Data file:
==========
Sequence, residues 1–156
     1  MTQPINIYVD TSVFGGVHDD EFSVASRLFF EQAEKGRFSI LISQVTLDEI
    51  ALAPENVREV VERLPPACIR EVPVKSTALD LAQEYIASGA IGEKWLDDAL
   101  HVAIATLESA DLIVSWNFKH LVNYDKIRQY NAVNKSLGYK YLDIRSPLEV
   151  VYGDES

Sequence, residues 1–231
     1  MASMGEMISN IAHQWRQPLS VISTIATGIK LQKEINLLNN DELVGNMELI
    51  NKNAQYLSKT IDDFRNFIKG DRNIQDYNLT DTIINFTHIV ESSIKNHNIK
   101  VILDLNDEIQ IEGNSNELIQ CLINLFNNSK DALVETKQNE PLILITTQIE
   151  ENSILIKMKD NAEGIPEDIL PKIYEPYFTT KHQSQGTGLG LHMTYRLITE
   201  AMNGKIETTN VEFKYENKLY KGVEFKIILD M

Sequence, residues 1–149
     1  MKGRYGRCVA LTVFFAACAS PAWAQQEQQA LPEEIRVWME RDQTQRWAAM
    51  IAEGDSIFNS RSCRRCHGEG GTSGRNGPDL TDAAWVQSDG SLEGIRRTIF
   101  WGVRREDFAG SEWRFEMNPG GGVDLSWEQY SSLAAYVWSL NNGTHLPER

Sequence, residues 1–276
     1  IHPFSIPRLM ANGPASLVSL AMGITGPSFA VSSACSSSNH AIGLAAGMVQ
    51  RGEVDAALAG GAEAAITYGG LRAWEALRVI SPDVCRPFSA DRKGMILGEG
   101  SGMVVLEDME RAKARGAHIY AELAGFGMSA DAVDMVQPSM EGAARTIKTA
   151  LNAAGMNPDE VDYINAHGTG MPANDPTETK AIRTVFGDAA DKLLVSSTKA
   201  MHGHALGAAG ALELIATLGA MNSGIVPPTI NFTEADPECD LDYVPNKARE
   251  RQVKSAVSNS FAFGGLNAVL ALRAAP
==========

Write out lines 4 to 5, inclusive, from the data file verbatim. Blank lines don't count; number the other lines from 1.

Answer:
   101  HVAIATLESA DLIVSWNFKH LVNYDKIRQY NAVNKSLGYK YLDIRSPLEV
   151  VYGDES